Causes of the rise of Nazism

  • Germany was defeated spiritually and monetarily by the war and the Peace Agreement.

  • France's ongoing hostility, the disputes over the Ruhr, the occupation of the Rhineland, and the Saar, and the required reparations all contributed to this.

  • Many Germans saw the Republic's acceptance of unjust limitations, the policy of reconciliation, and unwillingness to assert itself more forcefully in international affairs to be deeply offensive.

  • Nazi propaganda techniques, oratory, posters, flags, songs, uniforms, ceremonies, rituals, discipline, historical traditions, and ideologies of German racial supremacy were used to profit from these circumstances.

Impact of Nazism

  • Germany's citizens were directly and severely impacted by Nazi authority, while Europe and the rest of the globe were indirectly affected but paralysed.

  • After seizing absolute control both inside and outside his party, Hitler decided to eliminate all resistance. Germany under Hitler became a totalitarian state.

  • The core of the Nazi philosophy was nihilism, eroding the moral character of the individual. It resulted in the persecution of Jews.

  • Hitler took credit for the “economic miracle” that had occurred when he came to power in 1934, and the economy had improved.

Difference between Nazism and Fascism

Nazism made racism a central theme. A state led by people of a certain racial group this example, the “Aryan” character be considered superior.To establish an “Organic State,” fascism promotes corporatizing every sector of society.
The government was viewed by Nazism as a tool for maintaining and developing the master race.Fascism viewed the state as a means of advancing nationalism.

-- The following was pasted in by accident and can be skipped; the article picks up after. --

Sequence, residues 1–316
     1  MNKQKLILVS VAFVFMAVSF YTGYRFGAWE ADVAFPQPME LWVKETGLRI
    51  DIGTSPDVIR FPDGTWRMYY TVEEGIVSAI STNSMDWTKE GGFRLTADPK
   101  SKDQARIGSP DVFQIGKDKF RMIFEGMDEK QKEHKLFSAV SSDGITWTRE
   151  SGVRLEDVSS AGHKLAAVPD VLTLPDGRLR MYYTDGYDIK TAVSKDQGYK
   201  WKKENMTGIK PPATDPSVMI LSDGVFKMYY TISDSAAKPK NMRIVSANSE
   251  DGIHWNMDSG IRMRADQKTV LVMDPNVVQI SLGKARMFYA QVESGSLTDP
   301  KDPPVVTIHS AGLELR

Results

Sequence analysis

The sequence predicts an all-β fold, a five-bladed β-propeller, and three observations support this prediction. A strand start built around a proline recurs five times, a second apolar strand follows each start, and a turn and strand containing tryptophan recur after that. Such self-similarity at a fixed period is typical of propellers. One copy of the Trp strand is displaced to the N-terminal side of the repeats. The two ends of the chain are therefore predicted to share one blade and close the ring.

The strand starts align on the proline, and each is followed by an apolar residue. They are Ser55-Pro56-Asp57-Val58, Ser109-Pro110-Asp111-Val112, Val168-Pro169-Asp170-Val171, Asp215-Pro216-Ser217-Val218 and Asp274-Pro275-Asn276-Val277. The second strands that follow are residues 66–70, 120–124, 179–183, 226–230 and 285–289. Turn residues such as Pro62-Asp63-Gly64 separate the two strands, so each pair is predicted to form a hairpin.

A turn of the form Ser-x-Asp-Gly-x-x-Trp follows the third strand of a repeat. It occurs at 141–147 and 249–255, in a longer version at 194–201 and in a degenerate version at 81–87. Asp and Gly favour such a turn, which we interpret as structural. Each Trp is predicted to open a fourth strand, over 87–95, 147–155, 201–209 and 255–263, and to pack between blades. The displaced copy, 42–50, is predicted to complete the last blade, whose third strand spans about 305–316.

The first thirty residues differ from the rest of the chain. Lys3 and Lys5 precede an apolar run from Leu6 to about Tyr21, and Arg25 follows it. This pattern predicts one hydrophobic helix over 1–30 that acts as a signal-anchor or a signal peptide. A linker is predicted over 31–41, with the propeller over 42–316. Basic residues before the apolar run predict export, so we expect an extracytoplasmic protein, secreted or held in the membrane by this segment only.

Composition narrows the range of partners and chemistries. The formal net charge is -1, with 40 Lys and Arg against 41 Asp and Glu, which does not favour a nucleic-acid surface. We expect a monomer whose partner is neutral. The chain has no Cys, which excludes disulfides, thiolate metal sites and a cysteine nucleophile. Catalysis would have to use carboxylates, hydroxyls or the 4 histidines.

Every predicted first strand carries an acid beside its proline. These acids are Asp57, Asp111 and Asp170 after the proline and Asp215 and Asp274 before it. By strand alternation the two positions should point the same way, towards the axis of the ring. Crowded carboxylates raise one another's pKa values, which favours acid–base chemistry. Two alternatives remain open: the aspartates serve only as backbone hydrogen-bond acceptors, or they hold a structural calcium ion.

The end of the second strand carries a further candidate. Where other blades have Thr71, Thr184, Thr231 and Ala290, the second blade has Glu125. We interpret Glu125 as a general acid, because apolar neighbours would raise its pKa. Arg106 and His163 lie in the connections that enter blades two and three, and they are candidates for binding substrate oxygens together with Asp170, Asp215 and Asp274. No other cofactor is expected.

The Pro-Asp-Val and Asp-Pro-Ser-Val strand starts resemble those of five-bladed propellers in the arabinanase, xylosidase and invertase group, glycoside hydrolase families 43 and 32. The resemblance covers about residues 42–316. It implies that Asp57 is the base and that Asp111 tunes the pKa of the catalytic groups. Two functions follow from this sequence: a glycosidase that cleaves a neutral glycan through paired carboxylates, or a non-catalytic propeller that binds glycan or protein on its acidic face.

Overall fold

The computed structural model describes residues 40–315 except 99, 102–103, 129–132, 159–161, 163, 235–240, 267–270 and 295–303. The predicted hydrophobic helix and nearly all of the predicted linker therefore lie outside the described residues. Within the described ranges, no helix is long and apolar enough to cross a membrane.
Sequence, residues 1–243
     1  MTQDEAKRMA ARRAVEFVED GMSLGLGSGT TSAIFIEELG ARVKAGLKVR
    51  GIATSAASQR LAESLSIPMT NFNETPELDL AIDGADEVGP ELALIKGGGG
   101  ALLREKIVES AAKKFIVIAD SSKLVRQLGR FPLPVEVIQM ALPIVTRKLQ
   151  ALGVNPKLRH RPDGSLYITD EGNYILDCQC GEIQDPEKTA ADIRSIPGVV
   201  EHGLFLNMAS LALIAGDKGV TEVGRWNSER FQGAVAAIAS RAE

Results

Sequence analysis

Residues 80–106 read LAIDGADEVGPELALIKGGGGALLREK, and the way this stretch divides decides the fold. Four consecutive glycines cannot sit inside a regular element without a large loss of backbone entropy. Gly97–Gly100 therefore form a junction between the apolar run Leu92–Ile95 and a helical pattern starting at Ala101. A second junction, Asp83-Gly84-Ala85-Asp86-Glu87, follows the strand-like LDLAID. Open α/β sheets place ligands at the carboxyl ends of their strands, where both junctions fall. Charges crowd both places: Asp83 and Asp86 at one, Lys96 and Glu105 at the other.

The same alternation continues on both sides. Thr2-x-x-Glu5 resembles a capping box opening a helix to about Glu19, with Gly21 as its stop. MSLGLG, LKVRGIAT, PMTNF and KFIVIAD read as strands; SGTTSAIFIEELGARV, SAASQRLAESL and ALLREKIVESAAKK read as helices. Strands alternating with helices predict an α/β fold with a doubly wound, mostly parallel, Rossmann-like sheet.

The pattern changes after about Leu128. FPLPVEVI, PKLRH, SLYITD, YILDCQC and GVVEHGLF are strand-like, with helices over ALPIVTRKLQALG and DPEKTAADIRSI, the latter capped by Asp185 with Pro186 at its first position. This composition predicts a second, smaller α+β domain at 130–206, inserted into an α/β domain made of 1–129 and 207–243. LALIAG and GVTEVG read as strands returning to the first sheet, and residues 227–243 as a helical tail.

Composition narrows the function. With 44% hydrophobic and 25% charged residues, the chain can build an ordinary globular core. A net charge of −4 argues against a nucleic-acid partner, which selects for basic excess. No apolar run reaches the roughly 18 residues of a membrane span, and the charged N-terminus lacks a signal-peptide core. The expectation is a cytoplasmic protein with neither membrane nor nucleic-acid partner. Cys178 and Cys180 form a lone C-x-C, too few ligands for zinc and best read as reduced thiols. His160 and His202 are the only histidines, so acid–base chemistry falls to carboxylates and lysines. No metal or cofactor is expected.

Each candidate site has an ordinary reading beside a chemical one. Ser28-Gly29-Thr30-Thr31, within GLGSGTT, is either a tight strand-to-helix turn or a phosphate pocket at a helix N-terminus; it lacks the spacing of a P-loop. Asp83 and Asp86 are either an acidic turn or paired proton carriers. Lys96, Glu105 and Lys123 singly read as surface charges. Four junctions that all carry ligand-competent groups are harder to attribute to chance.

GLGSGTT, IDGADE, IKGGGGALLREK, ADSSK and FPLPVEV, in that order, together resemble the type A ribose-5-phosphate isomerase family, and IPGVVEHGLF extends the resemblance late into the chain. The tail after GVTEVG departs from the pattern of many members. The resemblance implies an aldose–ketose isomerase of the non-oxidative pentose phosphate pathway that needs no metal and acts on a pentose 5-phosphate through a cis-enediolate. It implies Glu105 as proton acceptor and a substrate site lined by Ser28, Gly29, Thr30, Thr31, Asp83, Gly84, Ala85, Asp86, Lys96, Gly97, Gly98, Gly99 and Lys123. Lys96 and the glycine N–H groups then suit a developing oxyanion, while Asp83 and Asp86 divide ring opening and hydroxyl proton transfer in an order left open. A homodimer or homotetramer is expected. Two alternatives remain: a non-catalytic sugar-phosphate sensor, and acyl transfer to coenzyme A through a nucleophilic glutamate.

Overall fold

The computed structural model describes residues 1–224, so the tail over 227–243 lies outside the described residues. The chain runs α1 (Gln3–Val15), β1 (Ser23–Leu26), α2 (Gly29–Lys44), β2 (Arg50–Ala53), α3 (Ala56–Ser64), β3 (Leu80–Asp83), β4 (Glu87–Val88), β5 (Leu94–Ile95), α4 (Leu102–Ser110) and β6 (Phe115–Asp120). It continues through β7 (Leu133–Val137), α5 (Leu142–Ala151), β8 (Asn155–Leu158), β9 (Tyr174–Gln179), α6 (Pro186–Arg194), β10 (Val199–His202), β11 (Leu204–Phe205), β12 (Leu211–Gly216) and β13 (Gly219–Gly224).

Nazism deliberately sought to eliminate class-based society because it was considered an impediment to racial unity.Fascism appreciated the class system and kept it in place to create a better social order.
Famous Nazis include Adolf Hitler and Joseph Mengele.Prominent fascist figures were Benito Mussolini and Oswald Mosley.


The development of fascism and Nazism both had terrible effects that lasted for a while. During the interwar era, both first appeared on the global scene. Both swept all of Europe under the rug, turning to authoritarianism in the process, sparking the Second World War. They revered the nation, considering it to have a higher purpose than the welfare of an individual and to be a living being. The obligations that people have to the country are more significant than their rights. The characteristics of fascism and Nazism were strong and militaristic nationalism, readiness for war for territorial expansion, an ingrained conviction in racism and the theory of racial superiority, as well as hatred and destruction.


Q1. When did fascism begin to decline?

Ans. The main fascist parties in Europe were disbanded at the end of World War II, and in certain nations, they were outlawed.

Q2. Who was Hitler's main rival in the presidential elections?

Ans. Hitler ran against Paul von Hindenburg in the presidential elections.

Q3. Who were the Axis forces in World War II?

Ans. The coalition formed by Germany, Italy, and Japan to combat the Allied Powers in World War II was known as Axis forces.

Impact of Fascism